# Coin exchange, find different triples of values

Suppose i have 3 coins: A, B, C. Each one of them have different value: a, b, c. And if want to exchange coins A for coins B, i need to be able to give exactly a units of currency A and get exactly b units of currency B in return. The problem is to find how many different triples of coins i can have? For example, if i got 1 coins of A, 0 coins of B, 3 coins of C, and its currencies is a=1 b=1 c=1, i can have 10 different triples of values:

• 0 0 3
• 0 3 0
• 3 0 0
• 1 0 2
• 1 2 0
• 2 1 0
• 0 1 2
• 0 2 1
• 2 0 1
• 1 1 1

Is there any mathematical formula that allows me to do this calculation without looping through all possible triples? (1 ≤ A, B, C ≤ 10^9), (0 ≤ a, b, c ≤ 10^9)

• This appears to be the same question as Find the number of nonnegative integer solutions to linear systems
– Stef
Dec 14, 2022 at 14:28
• Also, if you want to find a particular solution to equation ax+by+cz=S, you can use the extended Euclidean algorithm twice. Calling S your initial sum of money, and calling g = gcd(a, b), use the algorithm a first time to find (u, v) that solves au+bv=g and a second time to find (w,z) that solves gw+cz=S. Combine those two into a final solution (x=uw, y=vw, z): (au+bv)w + cz = S becomes a(uw)+b(vw)+cz=S.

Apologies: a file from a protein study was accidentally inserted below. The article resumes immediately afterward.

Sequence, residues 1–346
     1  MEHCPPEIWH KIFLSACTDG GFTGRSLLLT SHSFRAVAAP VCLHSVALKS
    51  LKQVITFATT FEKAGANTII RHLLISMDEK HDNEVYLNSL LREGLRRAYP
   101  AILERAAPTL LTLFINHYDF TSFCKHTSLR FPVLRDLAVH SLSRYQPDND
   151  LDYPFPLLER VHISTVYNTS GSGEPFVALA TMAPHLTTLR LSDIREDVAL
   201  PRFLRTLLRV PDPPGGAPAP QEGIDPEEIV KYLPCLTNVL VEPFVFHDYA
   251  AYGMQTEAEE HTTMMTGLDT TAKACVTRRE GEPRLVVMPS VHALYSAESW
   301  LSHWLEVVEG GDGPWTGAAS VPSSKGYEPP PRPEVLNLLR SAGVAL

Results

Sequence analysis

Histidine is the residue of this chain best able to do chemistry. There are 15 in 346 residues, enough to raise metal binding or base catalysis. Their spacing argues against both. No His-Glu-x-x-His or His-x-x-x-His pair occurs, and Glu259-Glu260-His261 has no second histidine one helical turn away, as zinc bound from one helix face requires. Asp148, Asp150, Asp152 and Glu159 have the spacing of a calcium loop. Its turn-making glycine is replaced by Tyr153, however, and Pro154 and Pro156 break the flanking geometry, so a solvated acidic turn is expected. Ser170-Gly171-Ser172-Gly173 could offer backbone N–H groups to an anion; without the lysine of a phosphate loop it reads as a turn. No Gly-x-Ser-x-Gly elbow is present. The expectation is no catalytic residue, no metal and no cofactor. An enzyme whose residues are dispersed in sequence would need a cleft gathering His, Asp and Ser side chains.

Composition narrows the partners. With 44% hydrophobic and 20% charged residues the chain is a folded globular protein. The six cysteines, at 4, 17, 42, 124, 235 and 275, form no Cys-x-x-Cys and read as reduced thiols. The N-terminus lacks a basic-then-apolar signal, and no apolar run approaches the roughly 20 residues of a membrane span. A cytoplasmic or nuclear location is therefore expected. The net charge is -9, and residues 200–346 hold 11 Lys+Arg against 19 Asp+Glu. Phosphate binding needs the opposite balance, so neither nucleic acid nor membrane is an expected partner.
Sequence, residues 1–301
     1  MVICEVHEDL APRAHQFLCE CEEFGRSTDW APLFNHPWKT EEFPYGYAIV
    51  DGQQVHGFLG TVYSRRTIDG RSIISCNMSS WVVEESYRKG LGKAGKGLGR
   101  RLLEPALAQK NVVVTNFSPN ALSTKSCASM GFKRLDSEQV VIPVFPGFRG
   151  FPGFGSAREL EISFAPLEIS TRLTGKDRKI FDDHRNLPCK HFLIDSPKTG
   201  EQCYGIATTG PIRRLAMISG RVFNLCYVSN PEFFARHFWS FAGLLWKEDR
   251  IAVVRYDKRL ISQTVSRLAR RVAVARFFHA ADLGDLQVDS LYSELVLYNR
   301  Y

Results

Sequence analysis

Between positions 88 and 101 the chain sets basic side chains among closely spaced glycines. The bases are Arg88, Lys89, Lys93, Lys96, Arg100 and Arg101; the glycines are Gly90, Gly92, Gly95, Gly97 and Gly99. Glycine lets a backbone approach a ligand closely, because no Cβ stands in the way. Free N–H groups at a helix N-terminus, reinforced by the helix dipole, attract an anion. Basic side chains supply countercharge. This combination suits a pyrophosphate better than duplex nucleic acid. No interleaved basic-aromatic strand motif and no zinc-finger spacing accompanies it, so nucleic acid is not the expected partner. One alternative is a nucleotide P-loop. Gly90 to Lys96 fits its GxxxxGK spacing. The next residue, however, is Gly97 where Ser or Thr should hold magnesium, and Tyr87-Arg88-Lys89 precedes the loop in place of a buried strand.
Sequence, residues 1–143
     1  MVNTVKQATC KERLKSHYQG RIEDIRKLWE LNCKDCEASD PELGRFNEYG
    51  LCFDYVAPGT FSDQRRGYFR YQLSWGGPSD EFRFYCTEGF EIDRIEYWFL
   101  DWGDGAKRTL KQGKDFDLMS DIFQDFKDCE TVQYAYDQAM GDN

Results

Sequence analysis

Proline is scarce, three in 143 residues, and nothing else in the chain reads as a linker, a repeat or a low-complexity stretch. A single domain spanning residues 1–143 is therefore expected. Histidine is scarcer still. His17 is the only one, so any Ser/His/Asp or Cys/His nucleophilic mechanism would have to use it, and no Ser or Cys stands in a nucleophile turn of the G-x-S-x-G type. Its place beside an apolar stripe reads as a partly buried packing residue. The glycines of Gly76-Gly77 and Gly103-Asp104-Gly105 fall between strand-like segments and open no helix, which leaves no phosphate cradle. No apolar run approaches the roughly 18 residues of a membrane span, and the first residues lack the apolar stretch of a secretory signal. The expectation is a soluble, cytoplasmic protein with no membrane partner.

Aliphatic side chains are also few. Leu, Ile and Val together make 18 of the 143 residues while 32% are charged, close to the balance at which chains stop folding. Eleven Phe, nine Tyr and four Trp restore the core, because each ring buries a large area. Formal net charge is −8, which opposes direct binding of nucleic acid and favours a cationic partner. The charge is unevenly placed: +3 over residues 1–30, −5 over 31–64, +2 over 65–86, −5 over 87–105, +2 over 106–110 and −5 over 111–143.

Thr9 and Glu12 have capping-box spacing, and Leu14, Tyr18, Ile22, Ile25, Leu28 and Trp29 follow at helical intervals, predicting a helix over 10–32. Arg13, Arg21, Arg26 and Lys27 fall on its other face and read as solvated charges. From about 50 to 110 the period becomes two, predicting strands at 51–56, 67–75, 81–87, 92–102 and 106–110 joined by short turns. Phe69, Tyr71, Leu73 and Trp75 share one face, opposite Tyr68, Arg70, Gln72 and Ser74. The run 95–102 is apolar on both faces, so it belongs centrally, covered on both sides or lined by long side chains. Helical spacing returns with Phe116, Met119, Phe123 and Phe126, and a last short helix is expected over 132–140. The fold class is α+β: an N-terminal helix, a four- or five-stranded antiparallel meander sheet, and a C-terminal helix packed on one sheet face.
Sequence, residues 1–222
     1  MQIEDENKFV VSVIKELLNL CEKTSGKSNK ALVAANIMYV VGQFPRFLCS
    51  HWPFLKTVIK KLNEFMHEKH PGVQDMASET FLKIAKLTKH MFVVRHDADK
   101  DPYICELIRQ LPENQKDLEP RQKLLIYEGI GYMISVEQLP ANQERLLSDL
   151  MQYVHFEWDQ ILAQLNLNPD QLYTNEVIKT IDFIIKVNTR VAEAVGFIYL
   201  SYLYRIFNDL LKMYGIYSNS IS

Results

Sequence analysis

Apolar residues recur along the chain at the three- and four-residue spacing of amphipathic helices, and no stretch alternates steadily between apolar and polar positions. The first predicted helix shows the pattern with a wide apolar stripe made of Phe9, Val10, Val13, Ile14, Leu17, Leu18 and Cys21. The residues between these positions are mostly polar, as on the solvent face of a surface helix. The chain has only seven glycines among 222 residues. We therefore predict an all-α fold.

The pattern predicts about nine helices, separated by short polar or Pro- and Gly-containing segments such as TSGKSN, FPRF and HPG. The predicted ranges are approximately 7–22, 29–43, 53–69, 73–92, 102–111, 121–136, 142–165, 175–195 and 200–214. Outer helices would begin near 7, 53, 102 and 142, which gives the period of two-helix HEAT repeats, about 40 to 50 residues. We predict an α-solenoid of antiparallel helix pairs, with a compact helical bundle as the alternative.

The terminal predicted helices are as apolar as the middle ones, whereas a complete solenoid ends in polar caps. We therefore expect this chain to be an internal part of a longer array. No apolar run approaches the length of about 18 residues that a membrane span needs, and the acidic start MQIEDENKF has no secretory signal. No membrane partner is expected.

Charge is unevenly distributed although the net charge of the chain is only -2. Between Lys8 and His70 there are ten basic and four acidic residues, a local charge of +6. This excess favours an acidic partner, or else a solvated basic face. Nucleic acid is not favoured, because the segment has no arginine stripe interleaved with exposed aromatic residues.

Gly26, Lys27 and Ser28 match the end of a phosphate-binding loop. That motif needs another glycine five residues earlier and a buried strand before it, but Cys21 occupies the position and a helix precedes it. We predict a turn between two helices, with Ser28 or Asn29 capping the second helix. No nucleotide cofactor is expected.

– Stef
Dec 14, 2022 at 14:46
• How can 1A+0B+3C correspond to the 10 combinations you mention ???
– user16034
May 14 at 19:52

1. Introduce integer variables $$x,y,z$$. Let $$x$$ count the number of times that you've exchanged a units of currency A for b units of currency B, $$y$$ count the number of times that you've exchanged a units of currency A for c units of currency C, and $$z$$ count the number of times that you've exchanged b units of currency B for c units of currency C.
2. Write down linear inequalities on $$x,y,z$$ that determine which values lead to an admissible triple. (This is your programming contest / exercise problem, so you get to do this part.)